Development & Alumni Relations Office 


23 November 2018

Queen's University Belfast in collaboration with Yale University in the US are to hold a major conference marking 20 years of the Belfast/Good Friday Agreement (GFA), bringing together architects of that landmark settlement, including Queen's former Chancellor, Senator George Mitchell. 

The Conference is one of two peace related events taking place on consecutive days in Connecticut, organised by Queen’s and Yale University.

On Friday 30 November, Queen's and Yale University will co-host a major conference entitled 'Twenty Years of Peace: Progress and Possibilities in Northern Ireland', which will address the complex political developments of the past twenty years in Northern Ireland, as well as current challenges and future possibilities.

The conference features key figures in the politics of Northern Ireland, including Senator George Mitchell, Chancellor of Queen’s (1999-2009); Bertie Ahern, who served as Irish Taoiseach from 1997 to 2008; General John de Chastelain, chair of the Independent International Commission on Decommissioning in Northern Ireland, Jonathan Powell, former Chief of Staff to Tony Blair (1995 to 2007) and from Co-operation Ireland, Dr Christopher Moran (Chairman) and Peter Sheridan (Chief Executive).

Delegates from Northern Ireland political parties involved in the Good Friday Agreement including Peter Robinson, Monica McWilliams and Mitchel McLaughlin, along with representatives of the British, Irish, and American Governments are also expected to attend.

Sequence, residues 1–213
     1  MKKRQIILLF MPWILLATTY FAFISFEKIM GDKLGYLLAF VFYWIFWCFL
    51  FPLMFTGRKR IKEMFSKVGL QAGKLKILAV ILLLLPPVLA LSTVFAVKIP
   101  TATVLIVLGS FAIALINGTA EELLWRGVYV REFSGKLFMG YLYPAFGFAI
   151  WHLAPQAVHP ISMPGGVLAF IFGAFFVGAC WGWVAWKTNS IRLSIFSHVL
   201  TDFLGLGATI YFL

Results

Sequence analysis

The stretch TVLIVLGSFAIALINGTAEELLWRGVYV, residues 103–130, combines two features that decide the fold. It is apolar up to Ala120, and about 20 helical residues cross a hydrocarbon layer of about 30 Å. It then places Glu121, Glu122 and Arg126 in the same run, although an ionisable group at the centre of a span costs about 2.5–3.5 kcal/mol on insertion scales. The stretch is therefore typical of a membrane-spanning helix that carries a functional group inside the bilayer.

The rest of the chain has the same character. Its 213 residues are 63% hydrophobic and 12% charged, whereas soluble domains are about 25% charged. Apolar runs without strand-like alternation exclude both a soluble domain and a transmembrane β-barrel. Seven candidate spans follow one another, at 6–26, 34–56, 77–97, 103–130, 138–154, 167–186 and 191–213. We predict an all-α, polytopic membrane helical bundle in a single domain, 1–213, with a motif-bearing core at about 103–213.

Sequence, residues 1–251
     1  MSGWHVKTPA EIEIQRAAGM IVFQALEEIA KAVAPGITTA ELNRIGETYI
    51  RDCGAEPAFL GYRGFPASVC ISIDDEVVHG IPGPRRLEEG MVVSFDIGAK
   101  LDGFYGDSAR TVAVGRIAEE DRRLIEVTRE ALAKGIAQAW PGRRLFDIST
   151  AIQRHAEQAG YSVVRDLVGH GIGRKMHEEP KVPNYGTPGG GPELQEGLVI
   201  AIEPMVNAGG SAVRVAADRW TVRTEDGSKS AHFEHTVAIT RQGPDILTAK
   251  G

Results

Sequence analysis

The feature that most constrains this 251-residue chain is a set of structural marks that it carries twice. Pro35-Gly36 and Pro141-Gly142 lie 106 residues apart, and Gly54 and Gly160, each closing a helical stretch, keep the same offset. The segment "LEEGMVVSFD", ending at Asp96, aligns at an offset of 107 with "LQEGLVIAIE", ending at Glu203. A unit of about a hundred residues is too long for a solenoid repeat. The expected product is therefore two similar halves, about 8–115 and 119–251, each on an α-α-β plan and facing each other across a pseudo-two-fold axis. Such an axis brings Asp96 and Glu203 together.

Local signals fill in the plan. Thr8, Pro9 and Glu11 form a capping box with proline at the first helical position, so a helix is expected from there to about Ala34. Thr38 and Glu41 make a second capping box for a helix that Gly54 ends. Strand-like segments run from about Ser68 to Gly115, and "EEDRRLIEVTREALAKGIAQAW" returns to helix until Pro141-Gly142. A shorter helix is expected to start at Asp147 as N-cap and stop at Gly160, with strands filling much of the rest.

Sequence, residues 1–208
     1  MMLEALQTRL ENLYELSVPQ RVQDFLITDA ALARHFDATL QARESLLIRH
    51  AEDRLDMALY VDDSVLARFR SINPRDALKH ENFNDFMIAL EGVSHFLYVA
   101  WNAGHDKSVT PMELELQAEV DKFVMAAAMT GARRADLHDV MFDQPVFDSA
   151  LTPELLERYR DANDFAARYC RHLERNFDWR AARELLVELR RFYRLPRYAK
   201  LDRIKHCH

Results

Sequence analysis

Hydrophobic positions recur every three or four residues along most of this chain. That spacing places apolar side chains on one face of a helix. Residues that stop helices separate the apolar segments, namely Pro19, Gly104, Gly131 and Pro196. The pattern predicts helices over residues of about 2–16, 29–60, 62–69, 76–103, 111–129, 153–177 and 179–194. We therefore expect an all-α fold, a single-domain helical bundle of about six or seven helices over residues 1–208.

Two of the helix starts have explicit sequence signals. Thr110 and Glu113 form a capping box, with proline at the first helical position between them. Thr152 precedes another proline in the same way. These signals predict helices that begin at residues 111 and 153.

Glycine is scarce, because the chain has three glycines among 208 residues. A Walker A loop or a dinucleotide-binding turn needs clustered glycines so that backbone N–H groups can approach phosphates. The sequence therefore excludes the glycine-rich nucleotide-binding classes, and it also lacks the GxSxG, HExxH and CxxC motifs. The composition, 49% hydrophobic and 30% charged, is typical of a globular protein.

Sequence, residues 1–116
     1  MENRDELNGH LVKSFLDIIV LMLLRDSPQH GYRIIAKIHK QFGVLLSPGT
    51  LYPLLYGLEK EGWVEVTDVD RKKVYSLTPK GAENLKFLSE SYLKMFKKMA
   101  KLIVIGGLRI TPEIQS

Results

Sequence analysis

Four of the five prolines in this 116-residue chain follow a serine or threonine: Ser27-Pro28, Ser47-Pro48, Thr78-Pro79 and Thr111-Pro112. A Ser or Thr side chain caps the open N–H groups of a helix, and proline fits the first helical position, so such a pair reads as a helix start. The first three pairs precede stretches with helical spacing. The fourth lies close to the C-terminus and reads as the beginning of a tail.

Introducing and chairing the opening session ‘Making Peace: Past, Present, and Future’ will be Richard English, Professor of Politics at Queen’s, where he is also a Distinguished Professorial Fellow in the Senator George J. Mitchell Institute for Global Peace, Security and Justice, and the University’s Pro-Vice-Chancellor for Internationalisation and Engagement.

Professor Kieran McEvoy, Professor of Law and Transitional Justice at the School of Law and a Senior Research Fellow at the Institute of Conflict Transformation and Social Justice at Queen’s, will be participating in the afternoon seminar ‘Northern Ireland and Beyond: Lessons for Peacemaking?’.

Speaking ahead of the Yale visit, Professor English, said: “Research-based discussion of major global challenges is central to the work of Queen's and the university is committed to engaging in high-level debate with major US Universities.

“These two events represent a significant contribution to that work.”

The Conference at Yale follows the Building Peace event, which attracted global media attention when Queen’s marked the anniversary of the 1998 Agreement in April and which was attended by high profile political figures including former US President, Bill Clinton.

Twenty years ago, the Good Friday Agreement marked a formal end to the conflict in Northern Ireland. The two-decade old peace agreement is often cited as the most successful of its kind in recent political history, resolving a conflict that appeared to be hopelessly intractable.